While Lee Jong-geol, the chairperson of the civil organization Rainbow Action Against Sexual Minority Discrimination, believes that transgender students should be allowed to attend whatever school he or she wants, and he also points to the lack of legislation for making matters worse.

After Student A announced her withdrawal, 760 alumni of the university released a statement saying that “It is a core value of Sookmyung Women’s University to band together with minorities,” while the opposition task force released yet another statement saying they “welcomed” her decision. But no formal statement of support came from either from the student council or school officials, with each saying they could not “interfere with private matters.”

“The student had already been authorized to enroll in the school, but officials failed to provide a proper statement on the matter,” said Lee. “The first openly transgender person in Korea came out in 2001, singer Harisu, but nothing has changed much since then. The level of human rights they are guaranteed is extremely low, which is visible in the two recent cases, with one person losing their job and another losing their chance at education. The National Human Rights Commission of Korea has been making efforts since 2014, but the antidiscrimination law hasn’t been passed to the Main Assembly in the recent years.”

Human rights organizations in the country have been trying to put forward a bill to make an antidiscrimination law in recent years, but to little success. It was first put forward to the Legislation & Judiciary Committee at the National Assembly in 2007 during the Roh Moo-hyun administration, revised the next year, but expired with the termination of the 17th assembly. It was put forward again in 2011 and 2012, but it never passed the Main Assembly. During the Moon Jae-in administration, it has yet to come up on the agenda.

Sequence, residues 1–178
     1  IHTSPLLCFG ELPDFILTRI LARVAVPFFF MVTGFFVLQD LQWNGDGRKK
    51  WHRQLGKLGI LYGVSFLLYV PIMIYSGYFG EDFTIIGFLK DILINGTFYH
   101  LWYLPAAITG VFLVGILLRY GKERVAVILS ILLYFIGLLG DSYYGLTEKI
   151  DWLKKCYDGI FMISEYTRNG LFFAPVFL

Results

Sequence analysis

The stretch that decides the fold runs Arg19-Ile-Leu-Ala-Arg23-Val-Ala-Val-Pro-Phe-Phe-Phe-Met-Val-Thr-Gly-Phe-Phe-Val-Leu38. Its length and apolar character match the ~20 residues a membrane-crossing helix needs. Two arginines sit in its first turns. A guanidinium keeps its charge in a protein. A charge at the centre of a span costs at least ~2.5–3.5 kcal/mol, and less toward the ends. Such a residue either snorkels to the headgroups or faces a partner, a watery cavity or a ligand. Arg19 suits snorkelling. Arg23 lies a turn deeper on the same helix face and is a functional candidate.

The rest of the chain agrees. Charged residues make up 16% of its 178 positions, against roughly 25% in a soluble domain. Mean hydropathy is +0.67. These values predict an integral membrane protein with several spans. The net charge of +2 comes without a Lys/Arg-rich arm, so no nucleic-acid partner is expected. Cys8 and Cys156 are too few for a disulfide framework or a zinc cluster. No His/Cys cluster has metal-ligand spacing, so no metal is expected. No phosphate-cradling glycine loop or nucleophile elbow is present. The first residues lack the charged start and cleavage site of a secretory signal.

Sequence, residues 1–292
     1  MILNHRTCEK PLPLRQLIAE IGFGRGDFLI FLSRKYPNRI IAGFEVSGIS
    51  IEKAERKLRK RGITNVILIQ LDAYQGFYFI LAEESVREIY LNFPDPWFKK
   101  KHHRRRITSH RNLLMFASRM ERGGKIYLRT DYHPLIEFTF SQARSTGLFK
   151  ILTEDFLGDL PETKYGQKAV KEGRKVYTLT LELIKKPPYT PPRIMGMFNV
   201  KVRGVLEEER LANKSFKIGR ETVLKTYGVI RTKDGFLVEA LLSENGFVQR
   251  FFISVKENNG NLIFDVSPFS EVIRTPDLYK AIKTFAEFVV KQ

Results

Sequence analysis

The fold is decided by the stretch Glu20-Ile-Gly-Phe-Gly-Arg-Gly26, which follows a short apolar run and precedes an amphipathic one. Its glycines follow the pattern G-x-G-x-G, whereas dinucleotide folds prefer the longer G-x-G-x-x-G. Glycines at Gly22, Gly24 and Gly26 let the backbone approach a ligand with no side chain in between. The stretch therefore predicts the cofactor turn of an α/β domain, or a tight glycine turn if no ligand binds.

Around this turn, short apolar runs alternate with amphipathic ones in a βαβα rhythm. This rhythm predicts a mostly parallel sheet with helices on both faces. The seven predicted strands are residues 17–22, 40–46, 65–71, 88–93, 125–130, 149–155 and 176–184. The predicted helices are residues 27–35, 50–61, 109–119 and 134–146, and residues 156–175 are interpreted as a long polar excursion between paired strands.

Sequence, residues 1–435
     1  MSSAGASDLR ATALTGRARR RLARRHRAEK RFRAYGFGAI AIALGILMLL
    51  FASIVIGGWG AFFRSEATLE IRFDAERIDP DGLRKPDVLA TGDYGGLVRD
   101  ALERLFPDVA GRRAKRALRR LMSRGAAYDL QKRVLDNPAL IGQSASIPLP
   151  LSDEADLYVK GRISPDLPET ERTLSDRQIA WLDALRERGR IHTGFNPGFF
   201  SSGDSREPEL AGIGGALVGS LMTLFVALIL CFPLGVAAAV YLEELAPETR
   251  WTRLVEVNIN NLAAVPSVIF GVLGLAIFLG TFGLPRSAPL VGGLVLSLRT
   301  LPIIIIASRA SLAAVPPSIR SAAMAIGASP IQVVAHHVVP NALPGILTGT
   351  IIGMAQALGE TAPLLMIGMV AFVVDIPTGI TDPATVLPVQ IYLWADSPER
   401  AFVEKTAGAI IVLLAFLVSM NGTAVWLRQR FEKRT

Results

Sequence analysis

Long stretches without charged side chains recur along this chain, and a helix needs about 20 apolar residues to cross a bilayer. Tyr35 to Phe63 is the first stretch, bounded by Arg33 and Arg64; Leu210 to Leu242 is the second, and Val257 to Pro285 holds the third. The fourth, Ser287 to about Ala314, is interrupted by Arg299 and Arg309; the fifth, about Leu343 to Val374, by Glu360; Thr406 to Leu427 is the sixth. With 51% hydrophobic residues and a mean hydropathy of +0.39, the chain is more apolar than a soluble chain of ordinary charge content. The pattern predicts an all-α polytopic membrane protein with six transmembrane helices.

Some people mistake the law’s purpose to be for banning all forms of expression against minorities, but that’s not what the law is about, according to Lim Pu-reun, the head of the special committee for transgender human rights in the Justice Party. Lim says the law is a “declaration” by society that it will take responsibility for the injustices that take place against all minorities, not just the LGBTQ community. Lim herself is transgender and she recently ran for candidacy in the party’s internal election.

“It’s the first step in making a society where discrimination against minorities is not allowed. The law doesn’t get rid of people’s right to express themselves - that’s not what it does. It stops discrimination in the public sphere, like denying people job opportunities or an education. It ensures their rights to employment, education, public services and other administrative services that are out of reach for minorities in society right now. Basically, it’s the society taking responsibility for the things it should have,” Lim said.

Feminist culture critic Son Hee-jung also stressed that these incidents should be taken as a chance for society to begin a healthy discussion surrounding transgender issues and move towards a bettered awareness.

“Right now, there are no official statistics regarding how many transgender people are living in Korea,” she said. “We only have an estimate, which means the government has no data to base their policies on as well as the fact that it just really lacks an understanding of who they are in society. Health and psychology experts also have to work to explain that people whose assigned gender and the gender they identify with don’t match are not deemed abnormal or disabled by others.

“And of course, we need a legal measure to make sure that things like what happened this year never happen again. There are times when the public sentiment leads the law, and the law shifts the sentiment. It would be ideal for the two to change simultaneously, but this is a situation where the law needs to lead the way.”

BY YOON SO-YEON [yoon.soyeon@joongang.co.kr]